How Do You Keep Your Focus – When all Hell is Breaking Loose?

Don’t dwell on what went wrong. Instead, focus on what to do next. Spend your energies on moving forward toward finding the answer.

—Dennis Waitley

We’ve all experienced it; we need to focus on an important, time-sensitive task when suddenly we feel as if we had been tossed into a tornado. Fires needing our immediate attention start right and left. So, how can you keep your focus when all hell is breaking loose?

Get clear on the objective

The first step is to get clear on the objective. What specifically must be accomplished? Unless you have a clear view of the target, you will continue to wander, ever so slightly, off-track until you eventually find yourself facing the entirely wrong direction.

Trim the fat

Once you get clear on what you need to do, the second step is to trim the fat. To trim the fat is to minimize the excess noise you are exposed to. This includes people, data, communication, paperwork, etc. Excess noise can distract us even when we aren’t in a crunch; when the stress is on, the distraction is amplified.

Don’t forget about you

We can only keep our nose to the grindstone for so long before we start to become inefficient and ineffective. So, step three is to not forget about you. You need to recharge. It may be a short walk or a quick cup of coffee at the corner shop but, you can’t focus in the midst of chaos without taking a moment here and there to get your thoughts together.

Move Forward

As Dennis Waitley stated, in order to move forward you must focus your energy on what to do next. So, get clear on the objective. Then trim the fat. And, last but not least, don’t forget about you. The more focused energy you can give to the task at hand, the sooner you will be available to attend to the fires burning around you.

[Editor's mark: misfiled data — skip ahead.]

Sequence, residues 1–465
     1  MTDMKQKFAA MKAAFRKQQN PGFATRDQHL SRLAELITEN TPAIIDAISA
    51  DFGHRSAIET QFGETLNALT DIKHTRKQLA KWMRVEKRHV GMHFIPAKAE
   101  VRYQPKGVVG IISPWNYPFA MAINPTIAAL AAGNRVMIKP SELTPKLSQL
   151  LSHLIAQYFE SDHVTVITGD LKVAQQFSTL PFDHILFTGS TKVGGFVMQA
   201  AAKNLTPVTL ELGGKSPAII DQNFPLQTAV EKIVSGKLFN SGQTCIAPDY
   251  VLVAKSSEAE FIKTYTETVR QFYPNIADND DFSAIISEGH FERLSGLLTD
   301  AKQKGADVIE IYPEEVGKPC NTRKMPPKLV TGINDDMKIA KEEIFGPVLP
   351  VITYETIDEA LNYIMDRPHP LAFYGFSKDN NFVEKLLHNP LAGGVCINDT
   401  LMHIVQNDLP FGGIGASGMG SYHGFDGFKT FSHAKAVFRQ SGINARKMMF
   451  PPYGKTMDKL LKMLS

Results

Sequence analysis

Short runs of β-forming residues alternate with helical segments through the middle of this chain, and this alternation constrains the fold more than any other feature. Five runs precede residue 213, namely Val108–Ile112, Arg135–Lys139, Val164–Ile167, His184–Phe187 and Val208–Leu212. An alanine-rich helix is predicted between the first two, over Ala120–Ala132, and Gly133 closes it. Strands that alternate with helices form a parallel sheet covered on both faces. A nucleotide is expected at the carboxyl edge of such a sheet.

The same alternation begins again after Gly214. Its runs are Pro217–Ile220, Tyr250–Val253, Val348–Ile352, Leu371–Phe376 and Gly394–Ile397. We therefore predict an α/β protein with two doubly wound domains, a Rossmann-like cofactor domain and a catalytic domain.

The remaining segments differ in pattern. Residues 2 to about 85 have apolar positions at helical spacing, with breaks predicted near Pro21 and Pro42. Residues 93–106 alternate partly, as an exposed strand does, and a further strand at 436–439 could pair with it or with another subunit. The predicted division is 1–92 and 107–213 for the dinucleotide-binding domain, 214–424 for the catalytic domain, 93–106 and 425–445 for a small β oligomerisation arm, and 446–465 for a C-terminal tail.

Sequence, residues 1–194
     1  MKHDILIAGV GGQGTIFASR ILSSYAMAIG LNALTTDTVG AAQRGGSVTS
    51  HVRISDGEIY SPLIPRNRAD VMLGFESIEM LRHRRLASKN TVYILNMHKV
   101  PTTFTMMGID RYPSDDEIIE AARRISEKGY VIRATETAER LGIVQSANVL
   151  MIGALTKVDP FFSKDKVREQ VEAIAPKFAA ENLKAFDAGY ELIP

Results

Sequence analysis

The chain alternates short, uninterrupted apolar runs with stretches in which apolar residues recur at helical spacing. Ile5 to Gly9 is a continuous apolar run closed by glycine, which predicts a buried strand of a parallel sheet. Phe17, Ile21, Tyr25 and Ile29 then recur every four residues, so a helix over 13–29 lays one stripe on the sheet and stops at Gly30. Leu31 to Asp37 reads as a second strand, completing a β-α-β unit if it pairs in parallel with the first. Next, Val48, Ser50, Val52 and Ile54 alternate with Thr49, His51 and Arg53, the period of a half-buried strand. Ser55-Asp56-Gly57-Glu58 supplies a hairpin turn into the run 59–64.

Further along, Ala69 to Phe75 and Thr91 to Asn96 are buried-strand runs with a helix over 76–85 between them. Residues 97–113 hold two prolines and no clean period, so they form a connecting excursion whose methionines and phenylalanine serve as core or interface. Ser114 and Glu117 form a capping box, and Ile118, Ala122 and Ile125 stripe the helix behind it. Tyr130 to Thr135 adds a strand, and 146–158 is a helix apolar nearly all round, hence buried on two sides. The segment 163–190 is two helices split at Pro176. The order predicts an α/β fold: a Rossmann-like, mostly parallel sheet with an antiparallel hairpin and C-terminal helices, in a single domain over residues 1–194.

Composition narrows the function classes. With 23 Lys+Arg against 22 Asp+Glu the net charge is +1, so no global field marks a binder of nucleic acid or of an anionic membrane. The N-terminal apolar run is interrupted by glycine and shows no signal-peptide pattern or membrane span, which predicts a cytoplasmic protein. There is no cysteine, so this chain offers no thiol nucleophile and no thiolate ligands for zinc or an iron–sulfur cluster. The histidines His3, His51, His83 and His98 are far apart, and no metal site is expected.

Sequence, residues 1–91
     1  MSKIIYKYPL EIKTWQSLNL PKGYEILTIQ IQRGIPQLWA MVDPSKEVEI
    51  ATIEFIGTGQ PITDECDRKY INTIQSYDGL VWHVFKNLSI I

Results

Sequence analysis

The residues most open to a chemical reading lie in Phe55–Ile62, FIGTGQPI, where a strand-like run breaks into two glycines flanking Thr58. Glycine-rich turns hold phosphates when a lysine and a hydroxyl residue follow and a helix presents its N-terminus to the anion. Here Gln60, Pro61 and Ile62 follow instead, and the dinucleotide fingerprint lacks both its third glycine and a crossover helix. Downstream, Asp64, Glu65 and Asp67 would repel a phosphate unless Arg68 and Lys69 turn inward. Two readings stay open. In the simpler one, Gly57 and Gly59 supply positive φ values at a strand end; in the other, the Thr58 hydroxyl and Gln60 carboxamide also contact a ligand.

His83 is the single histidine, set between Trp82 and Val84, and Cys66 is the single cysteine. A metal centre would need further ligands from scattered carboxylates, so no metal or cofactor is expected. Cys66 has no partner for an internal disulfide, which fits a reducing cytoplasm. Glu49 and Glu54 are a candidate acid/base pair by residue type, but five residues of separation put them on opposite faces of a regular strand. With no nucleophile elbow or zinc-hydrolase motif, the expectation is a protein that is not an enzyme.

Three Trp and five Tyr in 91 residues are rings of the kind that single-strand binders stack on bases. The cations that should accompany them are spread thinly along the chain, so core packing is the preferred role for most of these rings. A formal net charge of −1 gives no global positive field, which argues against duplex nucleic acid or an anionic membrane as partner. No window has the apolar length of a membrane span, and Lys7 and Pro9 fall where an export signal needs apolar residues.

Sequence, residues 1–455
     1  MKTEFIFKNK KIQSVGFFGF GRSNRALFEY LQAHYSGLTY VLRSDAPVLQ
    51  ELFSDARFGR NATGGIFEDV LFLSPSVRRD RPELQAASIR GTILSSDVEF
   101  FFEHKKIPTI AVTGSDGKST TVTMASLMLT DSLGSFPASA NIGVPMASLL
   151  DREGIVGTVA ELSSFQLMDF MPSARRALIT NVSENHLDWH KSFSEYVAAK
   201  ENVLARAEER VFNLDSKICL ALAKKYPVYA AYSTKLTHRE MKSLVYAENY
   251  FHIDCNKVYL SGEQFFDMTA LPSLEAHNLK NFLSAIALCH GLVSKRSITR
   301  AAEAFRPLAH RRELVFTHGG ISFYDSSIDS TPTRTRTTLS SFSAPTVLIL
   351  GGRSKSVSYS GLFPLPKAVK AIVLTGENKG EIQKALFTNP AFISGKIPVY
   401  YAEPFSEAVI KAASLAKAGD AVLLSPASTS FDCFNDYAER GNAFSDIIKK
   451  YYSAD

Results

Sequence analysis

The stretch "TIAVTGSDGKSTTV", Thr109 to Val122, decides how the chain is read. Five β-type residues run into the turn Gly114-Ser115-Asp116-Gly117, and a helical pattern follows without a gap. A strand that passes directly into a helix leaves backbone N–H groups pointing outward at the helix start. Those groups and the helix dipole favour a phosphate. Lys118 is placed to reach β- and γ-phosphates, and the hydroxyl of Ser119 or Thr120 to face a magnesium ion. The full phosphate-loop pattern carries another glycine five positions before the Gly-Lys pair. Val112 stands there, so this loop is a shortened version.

Dr. Liz Stincelli
Dr. Liz Stincelli
LIZ is passionate about recognizing, inspiring, and igniting the leader in each of us. She focuses on helping organizations change attitudes, change communication dynamics, improve collaboration and problem-solving, engage employees, and strengthen organizational culture. Liz holds a Doctor of Management degree with an emphasis on organizational leadership. Liz offers 20+ years of pro-active operations management, problem-solving, team-building, human resources, accounting, and business administration experience in a variety of industries. She serves on the Editorial Review Board for the Independent Journal of Management and Production and the Journal of Managerial Psychology. She has also been a guest lecturer at the Bill and Vieve Gore School of Business, Westminster College.

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  1. Excellent tips we all need to be reminded of from time to time.

    I would like to add that interiorizing a sense of calm – never easy – which greatly depends on being at peace with yourself and your Creator is the key. Being caring, seeking silence, cultivating self space as well as calming the waters with a sense of humour (where and when appropriate) and avoiding huffing and puffing (which only grate on the nerves) also help a great deal. It’s also good to remember TWO salient points:

    1) Our true colours come out in the way we react to emergencies, chaos or devastating news
    2) We cannot do it alone.

  2. I liked your article Liz, thank you! In terms of “trimming the fat” and getting clear in what to do next – I have come to the point of having one clear focus with what I am doing and doing it well before moving on to the next one. This has helped saved personal burnout in which you so aptly stated!